ANGOLA, Ind. – These past few weeks, we’ve seen yet another example of sclerosis in Washington, this time with the farm bill. On a topic that begged for compromise, everyone dug in, and there was celebration in some quarters even as they were spitting the ashes out of their mouths.
Next up comes the immigration package, with House Republicans overwhelmingly balking Wednesday at the Senate passed bill despite warnings from Speaker John Boehner about the political consequences.
Later this year, we’ll get another debt limit faux crisis.
It is a city of gangs who can’t shoot straight, of rhetoric akin to methane gas seeping out of a melting tundra. Gallup has congressional approval at 10 percent, yet another historic low.
LaPorte Mayor Blair Milo’s column on page 1 hits a number of points that are resonating. And it underscores a recent piece by conservative New York Times columnist David Brooks on what he calls the “power inversion,” the rise of city states and regional governments that fill the void left by the partisan polarization in Washington.
Brooks cites the book “The Metropolitan Revolution” by Bruce Katz and Jennifer Bradley of the Brookings Institution, saying: As the federal government becomes less energetic, city governments become more so. Katz and Bradley describe a country that is segmenting slightly into divergent city states. Demographically, society is clustering. In an era when the nuclear two-parent family was the key demographic unit, it made sense to think of America as a suburban economy with common needs. But now two-parent nuclear families account for only a fifth of all households. The young, the old and the single make up a huge slice of the population, and they flock to density. According to Robert Puentes of Brookings, the share of young people with driver’s licenses is plummeting. Public transit ridership rose by 32.3 percent between 1995 and 2011.”
I thought it was so strange over the past several years when both of my sons were utterly indifferent about getting their driver’s license on the first day they could. Baby Boomers would almost camp out at the BMV in the old days.
In the “Metropolitan Revolution,” the authors note that economic changes reinforce regional concentration. For decades, companies sought to protect their intellectual property by isolating their research-and-development functions in suburban research parks. But now scientific breakthroughs are less likely to come from discrete teams. They tend to come from large, loose networks of researchers brought together in physical proximity. It makes sense to locate research facilities in urban districts, often around urban universities, where researchers will make wider and more flexible contacts.
In Indiana, we have such clusters, like the orthopedics in Warsaw and the life sciences triangle between Bloomington, Indianapolis and West Lafayette.
When I think about who’s getting stuff done, who’s changing the dynamic, I think of Indianapolis Mayor Greg Ballard, who is already systematically changing transportation. There are bike lanes everywhere, bike depots (and I’m seeing more and more people pedaling these days); his electric hybrid city fleet, and coming soon, the electric vehicle sharing system.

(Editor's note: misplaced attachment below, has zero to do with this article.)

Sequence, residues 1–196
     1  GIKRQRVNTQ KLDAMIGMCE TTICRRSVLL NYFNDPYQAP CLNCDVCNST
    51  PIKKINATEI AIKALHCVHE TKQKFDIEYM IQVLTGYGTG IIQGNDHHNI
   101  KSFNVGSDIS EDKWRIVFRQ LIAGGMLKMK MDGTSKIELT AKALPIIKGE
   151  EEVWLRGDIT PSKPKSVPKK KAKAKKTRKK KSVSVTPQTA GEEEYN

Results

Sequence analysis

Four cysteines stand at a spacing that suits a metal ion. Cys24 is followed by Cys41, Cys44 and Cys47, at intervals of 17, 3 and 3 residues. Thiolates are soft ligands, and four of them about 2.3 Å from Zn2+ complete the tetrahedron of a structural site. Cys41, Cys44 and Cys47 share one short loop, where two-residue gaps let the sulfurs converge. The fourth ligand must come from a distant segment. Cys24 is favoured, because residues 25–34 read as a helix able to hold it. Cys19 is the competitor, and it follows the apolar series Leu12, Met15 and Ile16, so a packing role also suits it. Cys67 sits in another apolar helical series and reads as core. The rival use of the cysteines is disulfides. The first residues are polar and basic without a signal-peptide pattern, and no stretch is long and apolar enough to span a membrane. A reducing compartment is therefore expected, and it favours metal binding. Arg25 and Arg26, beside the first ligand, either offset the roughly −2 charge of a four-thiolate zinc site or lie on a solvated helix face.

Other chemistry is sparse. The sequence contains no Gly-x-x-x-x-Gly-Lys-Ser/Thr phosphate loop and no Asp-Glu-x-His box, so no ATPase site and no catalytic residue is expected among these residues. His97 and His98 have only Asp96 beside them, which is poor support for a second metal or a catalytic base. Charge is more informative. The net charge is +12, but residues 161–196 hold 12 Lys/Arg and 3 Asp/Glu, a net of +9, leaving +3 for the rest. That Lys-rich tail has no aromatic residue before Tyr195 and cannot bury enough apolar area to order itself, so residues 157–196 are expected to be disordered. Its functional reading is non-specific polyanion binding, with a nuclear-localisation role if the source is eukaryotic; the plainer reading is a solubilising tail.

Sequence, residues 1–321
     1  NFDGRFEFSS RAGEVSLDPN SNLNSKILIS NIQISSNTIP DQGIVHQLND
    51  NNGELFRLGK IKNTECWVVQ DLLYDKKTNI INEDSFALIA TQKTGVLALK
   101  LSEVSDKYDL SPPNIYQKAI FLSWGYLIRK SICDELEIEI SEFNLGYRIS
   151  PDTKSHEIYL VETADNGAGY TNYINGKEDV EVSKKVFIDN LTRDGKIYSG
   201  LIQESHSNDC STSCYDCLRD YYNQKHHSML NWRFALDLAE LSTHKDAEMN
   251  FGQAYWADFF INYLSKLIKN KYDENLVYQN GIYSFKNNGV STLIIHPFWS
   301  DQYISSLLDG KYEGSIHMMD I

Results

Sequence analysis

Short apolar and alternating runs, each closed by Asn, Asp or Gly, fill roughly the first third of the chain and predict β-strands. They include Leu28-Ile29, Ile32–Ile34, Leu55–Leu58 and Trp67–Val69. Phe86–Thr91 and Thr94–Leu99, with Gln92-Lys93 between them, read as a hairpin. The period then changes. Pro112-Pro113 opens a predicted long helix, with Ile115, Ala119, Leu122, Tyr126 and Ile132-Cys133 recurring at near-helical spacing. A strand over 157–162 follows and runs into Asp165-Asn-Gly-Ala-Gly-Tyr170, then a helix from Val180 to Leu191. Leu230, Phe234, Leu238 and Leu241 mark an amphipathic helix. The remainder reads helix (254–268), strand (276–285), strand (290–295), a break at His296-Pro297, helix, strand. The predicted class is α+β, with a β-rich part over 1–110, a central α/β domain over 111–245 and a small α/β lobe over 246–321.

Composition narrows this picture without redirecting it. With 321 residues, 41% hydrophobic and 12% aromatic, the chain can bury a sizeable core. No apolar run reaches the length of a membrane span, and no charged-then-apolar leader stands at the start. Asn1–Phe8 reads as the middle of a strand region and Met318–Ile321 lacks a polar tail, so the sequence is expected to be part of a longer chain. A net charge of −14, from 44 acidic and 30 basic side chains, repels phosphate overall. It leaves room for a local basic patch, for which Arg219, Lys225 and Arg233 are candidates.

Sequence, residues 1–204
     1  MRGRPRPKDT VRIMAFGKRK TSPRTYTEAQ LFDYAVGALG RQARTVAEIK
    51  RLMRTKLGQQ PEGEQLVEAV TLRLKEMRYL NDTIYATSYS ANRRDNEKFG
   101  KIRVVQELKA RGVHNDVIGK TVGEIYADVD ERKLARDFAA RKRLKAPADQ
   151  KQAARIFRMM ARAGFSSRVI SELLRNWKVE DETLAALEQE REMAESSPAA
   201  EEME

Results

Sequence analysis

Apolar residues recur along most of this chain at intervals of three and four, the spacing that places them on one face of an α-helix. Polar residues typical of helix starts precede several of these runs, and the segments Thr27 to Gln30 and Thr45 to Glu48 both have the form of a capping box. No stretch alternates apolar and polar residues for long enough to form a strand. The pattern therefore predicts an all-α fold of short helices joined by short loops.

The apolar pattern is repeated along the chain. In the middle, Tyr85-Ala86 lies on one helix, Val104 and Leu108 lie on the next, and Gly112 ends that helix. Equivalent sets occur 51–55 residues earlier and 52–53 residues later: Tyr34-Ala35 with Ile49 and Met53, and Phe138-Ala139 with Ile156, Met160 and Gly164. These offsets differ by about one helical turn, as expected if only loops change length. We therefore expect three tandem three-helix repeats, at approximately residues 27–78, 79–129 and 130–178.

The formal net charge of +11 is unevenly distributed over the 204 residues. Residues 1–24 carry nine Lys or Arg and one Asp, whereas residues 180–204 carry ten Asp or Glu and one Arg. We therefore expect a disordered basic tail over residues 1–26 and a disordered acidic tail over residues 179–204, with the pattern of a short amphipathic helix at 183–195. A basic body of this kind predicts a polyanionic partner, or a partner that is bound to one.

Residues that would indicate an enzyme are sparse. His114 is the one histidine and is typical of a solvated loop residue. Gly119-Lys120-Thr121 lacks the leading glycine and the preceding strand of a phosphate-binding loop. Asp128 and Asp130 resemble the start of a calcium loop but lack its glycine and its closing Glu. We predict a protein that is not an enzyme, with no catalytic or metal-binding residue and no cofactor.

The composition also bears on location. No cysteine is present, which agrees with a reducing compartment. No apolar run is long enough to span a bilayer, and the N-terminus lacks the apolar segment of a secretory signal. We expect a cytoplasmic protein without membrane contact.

This is all happening while the Indiana General Assembly debates the old-fashioned concept of mass transit, some appearing oblivious to the population behavior shifts happening right before their windshields.
Kokomo Mayor Greg Goodnight has started a free public trolley system. Hammond Mayor Tom McDermott is using casino money to send local kids to college.
These public servants are changing the equation and getting things done.
Brooks points out that because issues on the regional level are so tangible, it is possible to debate new proposals without getting immobilized by the big government-versus-small-government frame. Republican mayors tend to be more activist than their congressional counterparts, and Democratic mayors tend to be more business friendly.
They become pragmatic problem solvers.
I’ve long said that mayors have a tough time moving up the perceived political “food chain.” Former Indianapolis Mayor Bill Hudnut was a fine executive and would have made a great governor, but he was excoriated in the 1990 secretary of state race by Joe Hogsett for “raising taxes” more than a dozen times. Translated into the polarized federal dynamic, most mayors have too much pragmatic baggage to fit into ideological cookie cutters that Washington demands.
In the television age of Hoosier politics, only Dick Lugar, Vance Hartke, Joe Kernan, Robert Rock, Nancy Michael, Winfield Moses and Frank McCloskey were able to forge a political career after City Hall. Paul Helmke, Stephen Goldsmith, Mike Harmless and Bill Hudnut couldn’t and the voting jury is still out on Jonathan Weinzapfel, who had to pass on the 2012 gubernatorial race due to mayoral baggage.
Now I’m beginning to wonder if being mayor is in a position to eclipse the power of a Member of Congress. We’ve seen many top resume political figures pass on U.S. Senate races across the nation.
Why trap yourself in a maze of hectoring ideologues and people who know how to pick a fight, but can’t get anything done because compromise and pragmatism are dirty words?